Excerpts from "the first rough draft of history" as reported in
The Washington Post on this date in the 20th century.
Czechoslovakia emerged as one of the Soviet Union's most loyal allies following World War II. In 1968, however, Alexander Dubcek became head of the Czech Communist Party and introduced a program of liberal reforms that came to be known as the Prague Spring. Fearing that the new ideas and freedoms would undermine communist control in Czechoslovakia and elsewhere in Eastern Europe, the Soviet Union sent in troops to quash the movement. Dubcek was replaced and strict communist rule returned for two more decades. An excerpt from The Post of Aug. 21, 1968:
From News Dispatches
Prague Radio announced early this morning that troops of the Soviet Union, Poland and East Germany had started to cross the Czechoslovak border.
The announcement, which came at 2 a.m. (9 p.m. Wednesday EDT), said the crossings were made without forewarning to the Czechoslovak president, the chairman of the National Assembly, or the first secretary of the Czechoslovak Communist Party.
The party Presidium appealed to the people of Czechoslovakia not to resist the advancing troops.
It said the National Assembly and the Communist Party Central Committee had been called together to discuss the situation.
President Johnson, on hearing the news, immediately called a National Security Council meeting to discuss the situation. White House press secretary George Christian said the Council would meet "as soon as possible."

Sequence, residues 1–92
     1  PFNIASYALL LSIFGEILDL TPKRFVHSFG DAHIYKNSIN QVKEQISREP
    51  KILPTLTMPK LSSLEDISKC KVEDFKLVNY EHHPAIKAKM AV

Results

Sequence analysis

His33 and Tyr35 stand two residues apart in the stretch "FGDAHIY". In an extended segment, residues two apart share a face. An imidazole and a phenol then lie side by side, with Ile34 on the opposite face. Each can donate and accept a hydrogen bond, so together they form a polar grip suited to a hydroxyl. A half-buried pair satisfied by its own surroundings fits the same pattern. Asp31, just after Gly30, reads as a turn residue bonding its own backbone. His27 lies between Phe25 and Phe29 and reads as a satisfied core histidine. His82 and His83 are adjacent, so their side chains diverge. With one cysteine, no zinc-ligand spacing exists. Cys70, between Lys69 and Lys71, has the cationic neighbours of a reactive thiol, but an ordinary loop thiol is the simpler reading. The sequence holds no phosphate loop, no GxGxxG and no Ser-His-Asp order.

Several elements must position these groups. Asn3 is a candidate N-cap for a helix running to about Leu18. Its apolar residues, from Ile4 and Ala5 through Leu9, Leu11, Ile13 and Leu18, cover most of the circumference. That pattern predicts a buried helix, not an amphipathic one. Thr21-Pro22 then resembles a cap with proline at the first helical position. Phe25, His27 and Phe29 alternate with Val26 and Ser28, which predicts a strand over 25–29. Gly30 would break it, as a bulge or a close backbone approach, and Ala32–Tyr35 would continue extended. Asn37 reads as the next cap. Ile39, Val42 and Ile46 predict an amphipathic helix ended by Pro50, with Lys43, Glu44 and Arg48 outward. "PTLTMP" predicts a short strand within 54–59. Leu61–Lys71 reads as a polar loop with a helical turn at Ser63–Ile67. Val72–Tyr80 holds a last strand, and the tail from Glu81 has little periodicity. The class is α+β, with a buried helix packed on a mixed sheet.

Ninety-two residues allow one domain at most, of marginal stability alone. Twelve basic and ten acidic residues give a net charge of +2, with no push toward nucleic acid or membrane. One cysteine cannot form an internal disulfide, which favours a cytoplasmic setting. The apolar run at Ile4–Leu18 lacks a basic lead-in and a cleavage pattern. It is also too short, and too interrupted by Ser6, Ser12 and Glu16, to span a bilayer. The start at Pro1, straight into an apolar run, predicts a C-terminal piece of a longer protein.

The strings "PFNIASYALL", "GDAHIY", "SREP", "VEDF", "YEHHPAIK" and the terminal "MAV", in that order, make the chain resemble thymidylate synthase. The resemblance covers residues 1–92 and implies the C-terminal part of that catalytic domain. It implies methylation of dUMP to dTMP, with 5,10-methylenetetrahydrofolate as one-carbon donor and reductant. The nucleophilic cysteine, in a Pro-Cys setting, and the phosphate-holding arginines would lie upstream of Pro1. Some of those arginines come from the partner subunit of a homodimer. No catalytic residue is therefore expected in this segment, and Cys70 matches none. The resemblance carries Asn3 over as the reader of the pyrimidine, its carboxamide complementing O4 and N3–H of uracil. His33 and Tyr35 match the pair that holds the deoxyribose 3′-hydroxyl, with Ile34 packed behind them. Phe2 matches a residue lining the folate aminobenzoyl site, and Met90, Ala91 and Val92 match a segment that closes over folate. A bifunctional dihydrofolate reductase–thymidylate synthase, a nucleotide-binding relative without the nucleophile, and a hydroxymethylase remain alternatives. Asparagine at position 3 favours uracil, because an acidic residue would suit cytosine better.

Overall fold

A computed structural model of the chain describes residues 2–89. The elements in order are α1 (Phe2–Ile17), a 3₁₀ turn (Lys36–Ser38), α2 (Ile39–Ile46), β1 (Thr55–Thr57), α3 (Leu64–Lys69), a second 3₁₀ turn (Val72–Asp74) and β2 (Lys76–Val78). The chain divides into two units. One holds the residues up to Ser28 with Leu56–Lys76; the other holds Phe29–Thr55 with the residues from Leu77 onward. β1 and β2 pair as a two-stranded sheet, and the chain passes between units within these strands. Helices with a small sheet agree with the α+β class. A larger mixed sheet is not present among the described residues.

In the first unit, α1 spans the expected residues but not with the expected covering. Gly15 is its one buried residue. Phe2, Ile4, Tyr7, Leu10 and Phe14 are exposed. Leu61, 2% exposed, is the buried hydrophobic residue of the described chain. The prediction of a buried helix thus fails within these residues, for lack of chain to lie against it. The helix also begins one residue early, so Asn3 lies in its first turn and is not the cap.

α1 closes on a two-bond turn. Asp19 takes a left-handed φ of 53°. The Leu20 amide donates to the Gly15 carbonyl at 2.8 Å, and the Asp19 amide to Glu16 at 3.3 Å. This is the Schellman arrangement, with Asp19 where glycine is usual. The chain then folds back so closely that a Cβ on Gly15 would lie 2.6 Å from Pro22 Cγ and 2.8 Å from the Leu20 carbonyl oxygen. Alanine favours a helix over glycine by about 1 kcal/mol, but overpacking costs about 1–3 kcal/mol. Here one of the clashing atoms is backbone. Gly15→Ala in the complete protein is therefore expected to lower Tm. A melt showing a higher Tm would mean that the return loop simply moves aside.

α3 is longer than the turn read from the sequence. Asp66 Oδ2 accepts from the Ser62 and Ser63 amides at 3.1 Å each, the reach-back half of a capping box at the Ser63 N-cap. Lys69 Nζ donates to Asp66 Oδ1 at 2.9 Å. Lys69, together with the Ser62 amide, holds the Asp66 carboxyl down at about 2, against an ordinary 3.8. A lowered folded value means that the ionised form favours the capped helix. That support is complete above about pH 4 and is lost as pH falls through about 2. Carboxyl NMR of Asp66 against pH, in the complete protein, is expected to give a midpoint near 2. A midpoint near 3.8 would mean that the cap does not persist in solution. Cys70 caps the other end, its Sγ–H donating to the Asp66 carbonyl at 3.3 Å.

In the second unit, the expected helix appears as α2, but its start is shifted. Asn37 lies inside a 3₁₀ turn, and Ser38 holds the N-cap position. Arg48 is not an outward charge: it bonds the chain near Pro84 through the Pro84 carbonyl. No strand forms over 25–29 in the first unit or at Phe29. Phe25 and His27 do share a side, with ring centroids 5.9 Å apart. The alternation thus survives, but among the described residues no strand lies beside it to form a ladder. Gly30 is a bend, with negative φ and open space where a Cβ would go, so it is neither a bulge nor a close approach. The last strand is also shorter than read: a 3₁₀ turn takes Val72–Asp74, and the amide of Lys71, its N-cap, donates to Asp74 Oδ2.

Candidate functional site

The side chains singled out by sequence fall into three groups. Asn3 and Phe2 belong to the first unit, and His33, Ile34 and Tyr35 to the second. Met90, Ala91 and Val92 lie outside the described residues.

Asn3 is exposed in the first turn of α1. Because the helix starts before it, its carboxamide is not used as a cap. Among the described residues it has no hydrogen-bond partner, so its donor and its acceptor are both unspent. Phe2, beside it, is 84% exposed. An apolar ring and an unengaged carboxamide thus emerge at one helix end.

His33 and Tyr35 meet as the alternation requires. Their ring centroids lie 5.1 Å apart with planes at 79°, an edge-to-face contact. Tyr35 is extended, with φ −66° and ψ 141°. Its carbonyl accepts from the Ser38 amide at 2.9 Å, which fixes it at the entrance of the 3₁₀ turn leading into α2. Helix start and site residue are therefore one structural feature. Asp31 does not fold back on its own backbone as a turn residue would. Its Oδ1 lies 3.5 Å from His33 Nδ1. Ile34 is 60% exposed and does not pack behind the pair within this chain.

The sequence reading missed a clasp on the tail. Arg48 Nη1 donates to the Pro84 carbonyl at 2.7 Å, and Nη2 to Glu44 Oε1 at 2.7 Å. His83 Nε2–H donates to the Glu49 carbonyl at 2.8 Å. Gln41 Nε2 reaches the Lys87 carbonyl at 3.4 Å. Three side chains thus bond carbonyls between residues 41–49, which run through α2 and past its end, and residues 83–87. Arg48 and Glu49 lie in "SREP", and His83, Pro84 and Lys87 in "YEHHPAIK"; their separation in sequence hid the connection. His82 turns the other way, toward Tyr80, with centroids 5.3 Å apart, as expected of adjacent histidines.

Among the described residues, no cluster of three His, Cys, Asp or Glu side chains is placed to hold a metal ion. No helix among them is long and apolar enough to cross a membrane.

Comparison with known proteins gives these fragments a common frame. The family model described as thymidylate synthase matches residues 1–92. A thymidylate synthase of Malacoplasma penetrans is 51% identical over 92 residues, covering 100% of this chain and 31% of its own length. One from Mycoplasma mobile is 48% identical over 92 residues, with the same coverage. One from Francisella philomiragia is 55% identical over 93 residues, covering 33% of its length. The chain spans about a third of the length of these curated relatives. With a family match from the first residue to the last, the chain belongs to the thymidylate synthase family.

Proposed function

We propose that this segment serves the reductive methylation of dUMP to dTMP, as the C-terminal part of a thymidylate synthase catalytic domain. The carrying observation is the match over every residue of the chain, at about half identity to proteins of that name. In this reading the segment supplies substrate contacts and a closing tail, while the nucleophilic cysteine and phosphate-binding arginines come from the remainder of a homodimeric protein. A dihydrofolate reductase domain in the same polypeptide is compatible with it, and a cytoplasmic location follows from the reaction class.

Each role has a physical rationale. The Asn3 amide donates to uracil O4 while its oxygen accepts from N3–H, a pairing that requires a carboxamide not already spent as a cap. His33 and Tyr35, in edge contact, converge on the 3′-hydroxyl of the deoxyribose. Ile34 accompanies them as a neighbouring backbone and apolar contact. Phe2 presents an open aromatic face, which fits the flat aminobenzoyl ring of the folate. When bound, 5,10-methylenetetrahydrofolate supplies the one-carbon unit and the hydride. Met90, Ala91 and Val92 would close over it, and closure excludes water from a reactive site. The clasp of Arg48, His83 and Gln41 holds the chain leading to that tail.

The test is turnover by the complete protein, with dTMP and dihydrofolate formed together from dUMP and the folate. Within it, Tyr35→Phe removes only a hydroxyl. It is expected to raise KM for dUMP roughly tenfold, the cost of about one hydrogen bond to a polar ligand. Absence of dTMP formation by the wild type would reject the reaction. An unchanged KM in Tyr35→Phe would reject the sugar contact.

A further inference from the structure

Secretary of State Dean Rusk, Secretary of Defense Clark Clifford and the top military leaders rushed to the White House for the meeting.
But there was no sign that the United States would do anything but sit out the invasion, just as it did in the case of the Soviet invasion of Hungary in 1956.
There was unusual activity at Prague Airport, with jet fighters apparently landing.
The developments followed a resurgence of attacks in the Soviet and Polish press against Czechoslovakia's eight-month-old reform drive.
Earlier yesterday, United Press International, quoting informed sources, reported that the three top leaders of the Soviet Union interrupted their vacations and returned to Moscow for an emergency meeting on Czechoslovakia of the entire Communist Party Central Committee.
According to the sources, Party Secretary General Brezhnev and President Podgorny left retreats on the Black Sea for the rare plenary session of the Central Committee. Premier Kosygin and other members of the 11-man politburo returned to the Kremlin from a Moscow-area vacation spot.
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